As I mentioned, I agree with (what I think is) your implication that such a commission would be better overall if not filled with politicians. Having it filled with politicians makes it more likely that it will be enacted, but as you imply, reduces the chances of arriving at agreement on a recommendation representing substantial progress relative to the size of the problem. But any port in a storm; if it is not politically feasible to establish a commission filled mostly with non-partisan experts and a few D.C. “wise men” respected by each/both of the political parties, I’d prefer one filled with politicians over nothing.

    Re: Peterson-Pew report, first of all, sorry for not getting back to that prior thread after I read/scanned it. I think your disappointment is understandable, and your question essentially of “why bother?” is a legitimate question. But I see the report as intended to be just a starting point, going as far as possible without saying things that would lead politicians to reflexively distance themselves from it, increasing focus on the issue (at least a bit) among members of Congress and the White House, trying to reign in debate to at least politically and economically plausible bounds by emphasizing that we will need both reductions in projected spending and reductions in projected spending, offering itself as a resource that can help in developing solutions, and apparently at later points offering some specific ideas. So I would just suggest that you consider viewing the report as a starting point and judge it from that perspective. Getting to a solution will be chess, not checkers, and this is one of those cases in which the shortest distance between two points is not a straight line (forgive the mixed metaphors). It will require multiple steps, not all bringing great progress or even any progress at all in themselves at the time, but having direct and/or indirect effects that increase the chances of desirable results.

  6. comment number 6 by: Brooks

    Bill,

    In an ideal world, we would have responsible leaders who gave us straight talk and put the interests of the nation above their personal political ambition. But we don’t have that because we don’t elect such people. We elect bullsh*tters who tell us enough of what we want to hear and not too much of what we don’t want to hear, and who act accordingly, based mostly on how their words and actions will affect their chances at election/re-election.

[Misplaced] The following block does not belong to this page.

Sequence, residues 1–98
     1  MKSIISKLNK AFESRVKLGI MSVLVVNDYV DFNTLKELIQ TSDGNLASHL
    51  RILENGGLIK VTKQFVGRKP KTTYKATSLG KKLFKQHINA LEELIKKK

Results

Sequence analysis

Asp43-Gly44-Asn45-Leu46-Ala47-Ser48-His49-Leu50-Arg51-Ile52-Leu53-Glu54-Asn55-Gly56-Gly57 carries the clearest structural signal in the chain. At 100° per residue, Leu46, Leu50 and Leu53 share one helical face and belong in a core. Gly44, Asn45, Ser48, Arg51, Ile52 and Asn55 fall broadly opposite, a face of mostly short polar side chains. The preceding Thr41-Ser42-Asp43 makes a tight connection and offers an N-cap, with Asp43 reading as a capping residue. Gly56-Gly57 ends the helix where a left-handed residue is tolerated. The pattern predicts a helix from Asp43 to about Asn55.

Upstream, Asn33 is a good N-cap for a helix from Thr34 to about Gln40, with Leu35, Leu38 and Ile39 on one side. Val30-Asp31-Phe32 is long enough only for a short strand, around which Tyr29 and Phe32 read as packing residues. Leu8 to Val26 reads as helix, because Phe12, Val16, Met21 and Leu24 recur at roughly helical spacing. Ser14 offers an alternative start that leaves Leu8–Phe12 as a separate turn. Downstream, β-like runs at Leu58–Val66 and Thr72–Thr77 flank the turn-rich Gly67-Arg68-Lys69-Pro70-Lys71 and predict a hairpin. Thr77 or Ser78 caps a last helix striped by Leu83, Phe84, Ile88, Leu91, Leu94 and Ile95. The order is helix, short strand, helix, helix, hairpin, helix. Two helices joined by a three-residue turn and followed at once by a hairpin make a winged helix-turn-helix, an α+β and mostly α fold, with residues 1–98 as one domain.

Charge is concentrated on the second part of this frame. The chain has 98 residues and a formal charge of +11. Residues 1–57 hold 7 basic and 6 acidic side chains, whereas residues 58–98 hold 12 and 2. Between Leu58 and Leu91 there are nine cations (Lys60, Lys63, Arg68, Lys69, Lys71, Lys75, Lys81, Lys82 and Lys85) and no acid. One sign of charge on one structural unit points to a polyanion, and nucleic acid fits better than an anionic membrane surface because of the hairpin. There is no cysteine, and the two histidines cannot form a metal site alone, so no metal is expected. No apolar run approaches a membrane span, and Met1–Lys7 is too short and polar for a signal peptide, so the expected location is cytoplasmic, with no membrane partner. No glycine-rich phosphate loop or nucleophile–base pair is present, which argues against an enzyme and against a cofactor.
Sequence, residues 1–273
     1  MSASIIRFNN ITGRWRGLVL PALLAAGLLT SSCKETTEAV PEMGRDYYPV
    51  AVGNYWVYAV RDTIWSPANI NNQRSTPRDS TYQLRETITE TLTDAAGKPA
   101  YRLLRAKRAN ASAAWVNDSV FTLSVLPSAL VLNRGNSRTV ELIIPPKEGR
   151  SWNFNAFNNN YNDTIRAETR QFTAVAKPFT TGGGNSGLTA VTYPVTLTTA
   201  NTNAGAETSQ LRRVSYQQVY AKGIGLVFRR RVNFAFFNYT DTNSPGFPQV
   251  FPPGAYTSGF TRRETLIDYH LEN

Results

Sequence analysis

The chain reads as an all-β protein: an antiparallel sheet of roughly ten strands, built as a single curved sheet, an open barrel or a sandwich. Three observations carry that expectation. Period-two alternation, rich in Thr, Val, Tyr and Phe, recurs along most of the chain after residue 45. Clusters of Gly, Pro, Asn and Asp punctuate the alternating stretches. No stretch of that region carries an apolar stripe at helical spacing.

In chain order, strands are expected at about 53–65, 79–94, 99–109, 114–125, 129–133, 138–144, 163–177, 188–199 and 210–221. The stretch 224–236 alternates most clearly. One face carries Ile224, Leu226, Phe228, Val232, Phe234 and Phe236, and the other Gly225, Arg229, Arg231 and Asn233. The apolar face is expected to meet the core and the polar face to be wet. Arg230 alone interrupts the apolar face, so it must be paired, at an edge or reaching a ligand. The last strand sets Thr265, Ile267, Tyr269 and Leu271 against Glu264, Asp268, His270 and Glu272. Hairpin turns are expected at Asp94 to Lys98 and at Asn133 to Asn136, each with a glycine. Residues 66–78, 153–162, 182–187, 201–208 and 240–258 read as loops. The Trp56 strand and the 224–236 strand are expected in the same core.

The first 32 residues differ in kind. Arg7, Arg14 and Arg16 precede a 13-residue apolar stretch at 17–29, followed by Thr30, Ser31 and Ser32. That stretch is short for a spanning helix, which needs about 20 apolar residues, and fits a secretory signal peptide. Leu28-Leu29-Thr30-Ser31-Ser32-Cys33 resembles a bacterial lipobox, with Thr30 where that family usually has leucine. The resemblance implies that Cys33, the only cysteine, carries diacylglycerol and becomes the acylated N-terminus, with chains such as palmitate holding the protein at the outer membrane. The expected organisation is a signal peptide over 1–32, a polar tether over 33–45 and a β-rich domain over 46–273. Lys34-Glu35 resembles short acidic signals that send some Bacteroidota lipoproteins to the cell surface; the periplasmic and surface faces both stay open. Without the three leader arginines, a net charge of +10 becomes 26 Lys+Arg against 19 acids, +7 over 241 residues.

Given the above,
    and given that it is unlikely that the thinking and actions of politicians and voters will change anytime soon,
    and given that proposing or supporting any bill or idea that involves major sacrifices for the sake of fiscal responsibility,
    and given that even if one “side” of the ideological/party divide were willing to propose some specific sacrifices as a solution, the other “side” would block it,
    what is needed is a mechanism for providing political cover for the politicians, a way they can act responsibly without making it (much) more likely that they will lose the next election or otherwise adversely affect their political career prospects (e.g., the 100 senators who plan to run for president someday). Providing that political cover would be the primary contribution of a SAFE Commission, just as the BRAC commission enabled members of Congress to go along with a set of base closures rather than each fighting closures in the respective districts/states.

  7. comment number 7 by: SteveinCH

    Brooks,

    My only concern is that the issue is “in limbo” while the commission is active. As long as it has a time limit or a sunset I would be for it. Without that, I worry it could be in session for far to long…fiddling while Rome burns and providing cover all the while.

    As to Peterson/Pew, I take the point but it was rather a lot of nothing for a 100 page report. I guess my point is why publish 100 pages that don’t say anything. If you are just trying to keep the issue alive, it could be done in far less.

  8. comment number 8 by: Brooks

    Steve,

    Re: the “in limbo”, (1) I assume the commission wouldn’t take more than a year to either agree upon a recommendation or determine that it cannot reach agreement, but moreover (2) as I’ve indicated in comments above, for there to be the implied opportunity cost of the issue being in some “limbo” in the interim, we’d have to assume some plausible progress that would have been made in absence of a commission that wouldn’t be made during a commission’s work, but that would be a dubious assumption because (a) if we’re speaking of taking substantial legislative action, I don’t think I have to convince you that it’s unlikely that Congress will suddenly next year take bold action (and that this bold action would not happen because a commission was working on the problem, and (b) if we’re speaking of just dialogue on the issue, there’s no reason to presume that the existence of a commission would preclude or make such dialogue less likely. On the contrary, the commission would probably stimulate more such dialogue. And apropos of that point, when Greenspan testified before a senate committee recently in support of this commission idea, he pointed out that a key factor in adoption of a commission’s recommendations is that the process is actually inclusive of members of Congress (and the White House) outside of the commission, sharing and exchanging information, ideas and opinions, as opposed to the commission coming up with a recommendation behind closed doors and springing it on Congress. I’m pretty sure a SAFE Commission would take the former approach.

  9. comment number 9 by: BillSmith

    What’s the inflation rate for health care over the same period? Since 1980, 121%…